Now it should also be said that the performances in this are all, no matter how big or small the role may be, absolutely wonderful and a true delight. Yet more than that however, this slice and dice of horror cinema also makes the fairly ingenious choice to make the young adults at the core of the film not like the ones you see in a typical slice of horror cinema. Thus by making the creative decision to have the leads be fairly intelligent to say nothing of decent and quite affable individuals who aren’t by any stretch of the imagination deaf, dumb, and blind to the world around them, this slice of horror cinema actually is able to operate in the same vein as say An American Werewolf in London from 1981. By that I mean that at the end of the day you, the movie goer will discover that you really do not wish for wickedness and horror to befall this group of young adults very much like how you really feel bad for David Kessler whenever that full moon starts to rise in the night sky. I mean this is a rare occurrence where even if this slice of horror cinema was one that dealt with the time honored trope of spending a few days in the company of these people as they drank, shacked up with each other, pulled pranks on each other, smoked a little bit, and whatever else I can honestly see the audience still being able to come away from this with a smile on their face. Of course this is most assuredly not the avenue that this slice of horror cinema chooses to traverse, but even with that in mind it cannot be denied that Kristen Connolly as bookish yet decent and kind Dana, Anna Hutchison as Dana’s throw caution to the wind and live like there is no tomorrow best friend Jules, Chris Hemsworth (who has in the time since this movie came out became a highly regarded actor especially when it comes to his portrayal of a certain superhero in the Marvel Cinematic Universe) as Jules’ loyal yet decent and surprisingly brainy significant other Curt, Jesse Williams (who I am sure a lot of my female readers will recognize due to his portrayal of one Dr. Jackson Avery on a little show called Grey’s Anatomy) as Curt’s intelligent yet not lacking in the muscle department fellow athlete Holden, and Fran Kranz as the delightfully snarky yet also sneakily intelligent group stoner Marty all make wonderful company to follow as this movie rolls along. As for the corporate suits that we come to know and love as Sitterson and Hadley respectively, I can honestly say that Richard Jenkins and Bradley Whitford are perfectly cast in this. Indeed not only are they wonderful in their respective parts, but the chemistry they share when they are talking to each other is absolutely spot-on. Indeed you really do feel like you are watching two co-workers and close friends who have worked together for so long that they know the other phenomenally better than they know most of the other people they work with.  Now besides the aforementioned players we also get a wonderful group of support performances including Amy Acker who is perfectly snarky as Lin, Brian J. White whose portrayal of head security officer Daniel Truman is appropriately serious and stoic yet also questioning, and Tom Lenk who very well could just be reprising his role of Andrew Wells from Buffy the Vampire Slayer in this. Out of everyone though there is one role in this that is played by someone that I won’t go into that much detail about. All I will say is that not only is the role incredibly well-performed, but that the person they got was the perfect choice for the part.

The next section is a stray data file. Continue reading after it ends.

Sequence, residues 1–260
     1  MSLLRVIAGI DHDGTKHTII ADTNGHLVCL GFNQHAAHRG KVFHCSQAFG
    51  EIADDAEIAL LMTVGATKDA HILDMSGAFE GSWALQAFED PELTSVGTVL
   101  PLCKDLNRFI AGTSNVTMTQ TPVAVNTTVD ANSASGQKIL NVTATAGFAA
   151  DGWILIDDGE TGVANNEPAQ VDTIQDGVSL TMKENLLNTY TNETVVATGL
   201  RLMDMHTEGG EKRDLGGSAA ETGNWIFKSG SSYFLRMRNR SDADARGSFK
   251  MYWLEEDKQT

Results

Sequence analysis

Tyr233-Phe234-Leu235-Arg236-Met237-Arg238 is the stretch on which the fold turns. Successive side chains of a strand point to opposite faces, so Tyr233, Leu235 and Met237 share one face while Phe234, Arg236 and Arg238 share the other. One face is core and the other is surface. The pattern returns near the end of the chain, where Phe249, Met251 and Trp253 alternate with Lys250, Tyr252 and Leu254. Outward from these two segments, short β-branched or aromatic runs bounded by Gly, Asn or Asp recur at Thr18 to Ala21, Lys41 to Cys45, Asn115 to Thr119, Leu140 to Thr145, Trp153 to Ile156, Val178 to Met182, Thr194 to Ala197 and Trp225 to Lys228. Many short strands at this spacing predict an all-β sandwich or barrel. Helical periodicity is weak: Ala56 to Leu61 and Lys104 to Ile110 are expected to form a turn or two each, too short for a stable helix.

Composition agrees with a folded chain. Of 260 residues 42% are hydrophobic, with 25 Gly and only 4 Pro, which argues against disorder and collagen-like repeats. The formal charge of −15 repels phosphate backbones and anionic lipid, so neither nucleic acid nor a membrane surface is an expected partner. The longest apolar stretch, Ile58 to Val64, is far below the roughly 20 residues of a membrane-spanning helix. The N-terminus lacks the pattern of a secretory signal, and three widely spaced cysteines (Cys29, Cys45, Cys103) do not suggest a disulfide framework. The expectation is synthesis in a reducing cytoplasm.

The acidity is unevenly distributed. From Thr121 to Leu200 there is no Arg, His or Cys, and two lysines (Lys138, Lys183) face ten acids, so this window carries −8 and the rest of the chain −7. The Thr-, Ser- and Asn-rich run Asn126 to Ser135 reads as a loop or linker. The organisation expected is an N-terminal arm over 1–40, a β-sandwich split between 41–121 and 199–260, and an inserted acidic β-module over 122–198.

All in all with all of the various marketing be it posters, ads, trailers, cardboard cutouts, etc. for this distinct slice and dice of horror cinema there was always one element on them that remained as constant as death and taxes (but in the case of these kinds of movies…mostly death). That of course being the film’s main tagline “you think you know the story”. In that respect I definitely think this slice of cinematic pie is actually fairly accurate when looking at it through the prism of that tagline. I say that because with the initial premise of a group of five friends going to a remote cabin for a weekend getaway you probably think you know the distinct avenue that this movie plans to traverse due to the multitude of other entries in horror cinema that have operated with the very same basic narrative hook. Beyond that however, I can also promise you that you literally have not got the faintest idea of where this movie is going to go (and for those of you who do please do not spoil it for those who haven’t). Yet this is not to the detriment of the finished product; rather it is a blessing in disguise since it helps to ensure that this slice and dice of horror cinema is easily one of the most enjoyable to say nothing of rewatchable horror films of the past 2 decades. Indeed the script is clever and enjoyably meta with a dash of twisty and wit thrown in for good measure, the helmsmanship is solid, and the performances from the truly game cast are nothing short of completely and utterly fantastic. Suffice it to say then that The Cabin in the Woods is one horror slice of cinema that both seasoned fans of the genre as well as those who are completely new to the genre will able to enjoy time and time again. On a scale of 1-5 I give The Cabin in the Woods “2012” a solid 4 out of 5.